I don't think the "Frank" is Frank Herman. It doesn't sound like Frank, whom I knew. He didn't talk or write like that. It could have been the Frank that used to work in Hollywood Magic as a demonstrator. He was the guy who did the multiple coin roll, several coins on both hands simultaneously. He also made small magic and may have known Chanin. This sounds more like him that it does Skipper Frank.
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Postby David Alexander » 10/26/04 11:08 AM

The reference to Ralph Edwards was probably because on the 9th of March, 1960, Ralph Edwards surprised Blackstone with a "This Is Your Life" retrospective. Ralph Edwards was the creator/producer.
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Postby Guest » 10/26/04 11:29 AM

David,

You're right about the Kirkham/Blackstone connection - in fact, Kirkham was quite proud of his "association" with the elder Blackstone, and I never heard him badmouth Harry either. There was an auction of a collection of magic belonging to a guy whose name I can't remember. He was killed trying to stop a mugging outside the Castle, in 1978 or 1979. Among the props was the Blackstone "Sawing", and Kirkham just HAD to own it. He bid outrageously and got it, for "old times sake..." as he told me.

But you're right, Chuck managed to irritate almost everyone he came in contact with, sooner or later. He DID know as much about magic as almost anyone I'd met at the time, though, and could be very generous with the knowledge.

Ed Smith! That was the fellow whose estate it was, and the auction was an amazing event.

I can't imagine who the Frank you're thinking of was, but I'd love to know. And again, you are right, the tone doesn't sound like Frank Herman as I knew him. But, I knew him in his later years, from 1974 on. I thought he might have mellowed with age, as the Professor did, at least publically. It's better to think that he was a nice guy all the time!

I thought the Chaudet mentioned MUST be related to Bill, but I had no idea about the background. Thank you for sharing that, it is another wonderfully interesting footnote to the history of the magic scene there in LA.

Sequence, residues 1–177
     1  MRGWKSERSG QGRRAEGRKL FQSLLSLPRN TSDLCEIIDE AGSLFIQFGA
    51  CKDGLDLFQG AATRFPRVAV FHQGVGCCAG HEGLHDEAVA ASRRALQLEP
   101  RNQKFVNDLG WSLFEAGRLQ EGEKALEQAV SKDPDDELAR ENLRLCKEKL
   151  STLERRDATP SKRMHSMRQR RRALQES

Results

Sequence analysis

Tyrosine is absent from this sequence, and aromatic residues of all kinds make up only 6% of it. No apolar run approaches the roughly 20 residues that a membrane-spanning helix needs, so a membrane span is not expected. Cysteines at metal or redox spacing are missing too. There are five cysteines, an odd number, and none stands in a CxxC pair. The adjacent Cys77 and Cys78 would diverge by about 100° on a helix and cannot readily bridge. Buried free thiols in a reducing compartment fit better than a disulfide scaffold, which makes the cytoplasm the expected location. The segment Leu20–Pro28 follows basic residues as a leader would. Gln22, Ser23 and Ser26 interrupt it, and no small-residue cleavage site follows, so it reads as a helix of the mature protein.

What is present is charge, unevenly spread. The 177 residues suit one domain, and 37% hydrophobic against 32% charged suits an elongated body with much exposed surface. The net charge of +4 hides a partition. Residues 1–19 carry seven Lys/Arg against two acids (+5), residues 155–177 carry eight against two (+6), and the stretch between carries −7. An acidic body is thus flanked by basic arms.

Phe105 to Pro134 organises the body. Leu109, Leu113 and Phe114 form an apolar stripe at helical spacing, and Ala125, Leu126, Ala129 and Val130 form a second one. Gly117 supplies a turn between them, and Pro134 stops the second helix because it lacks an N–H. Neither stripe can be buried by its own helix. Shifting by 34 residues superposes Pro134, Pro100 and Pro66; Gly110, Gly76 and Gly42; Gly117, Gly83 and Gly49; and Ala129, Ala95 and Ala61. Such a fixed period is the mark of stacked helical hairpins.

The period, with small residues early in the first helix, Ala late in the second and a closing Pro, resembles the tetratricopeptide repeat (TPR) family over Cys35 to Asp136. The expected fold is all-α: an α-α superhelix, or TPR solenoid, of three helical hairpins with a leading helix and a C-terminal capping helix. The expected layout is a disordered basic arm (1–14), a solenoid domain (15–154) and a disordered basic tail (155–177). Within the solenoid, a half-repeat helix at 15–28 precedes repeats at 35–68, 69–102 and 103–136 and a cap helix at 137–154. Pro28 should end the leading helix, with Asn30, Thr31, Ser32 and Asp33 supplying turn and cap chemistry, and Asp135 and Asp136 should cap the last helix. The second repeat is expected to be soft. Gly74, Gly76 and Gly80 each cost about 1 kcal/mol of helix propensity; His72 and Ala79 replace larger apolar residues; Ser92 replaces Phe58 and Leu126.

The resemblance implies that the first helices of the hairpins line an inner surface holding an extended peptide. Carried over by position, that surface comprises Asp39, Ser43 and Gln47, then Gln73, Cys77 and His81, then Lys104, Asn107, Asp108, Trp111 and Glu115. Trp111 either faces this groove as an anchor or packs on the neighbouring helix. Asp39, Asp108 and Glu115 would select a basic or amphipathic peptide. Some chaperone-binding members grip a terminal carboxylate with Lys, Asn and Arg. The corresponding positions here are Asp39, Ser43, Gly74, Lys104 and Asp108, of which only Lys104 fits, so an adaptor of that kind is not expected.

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Postby David Alexander » 10/26/04 12:52 PM

Thanks for the kind comments...Yes, I never heard Chuck K. say a single bad thing about Blackstone, Sr. Always respectful. Kirk was mercurial about his knowledge...as you correctly say, more than practically anyone...but he could be odd about sharing it. He liked to have other people want what he had, so he could say no.

I think what Frank might have been talking about Chuck complaining about was some business that Hollywood Magic conducted with Blackstone, Sr. selling some of his routines and the "Harry Blackstone Secret Control Deck." The old man got some money for selling some of his items and liked the recognition. He was far too old and frail to perform, but he did anyway up at the Castle in its early days.

Yes, it was Ed Smith. Ed was a model builder with a huge collection of magic, a lot of which he'd bought from Kirk when Kirk needed money. Kirk would sell it to him because he knew Ed would never perform it. Kirk would become quite angry when Ed would sell one of "Kirk's" props to someone else, even if Ed had owned it for years.

I would see Frank Herman at Castle Swap Meets years after he was off TV, but he was growing deaf and it was difficult to carry on a conversation when everything had to be shouted two or three times. I corresponded with Frank Herman in his later years and he remained a nice guy. Letters were better for him. I sent him a fan letter near the end of his life, telling him how much I loved Skipper Frank and how he was a good influence on me as a professional magician...he being the first live magician I ever saw. He sent back a nice response....happy to hear from me, etc. I was one of two magicians at his memorial service and nothing would have run in the LA Times if I hadn't called them and reminded them that Frank was a LA TV icon. He always delivered a professional job when he was hired to work.

The "Frank" that worked at Hollywood Magic was a swarthy guy who'd spent seven years learning how to roll multiple coins on both hands simultaneously. There is a film some place of him doing it...Bill Burrud had it on an early show that showed the magic scene in LA...I think the included Owen Brothers, Hollywood Magic, and Merv Taylor. This was early 50s TV. It would be interesting to dig that footage up.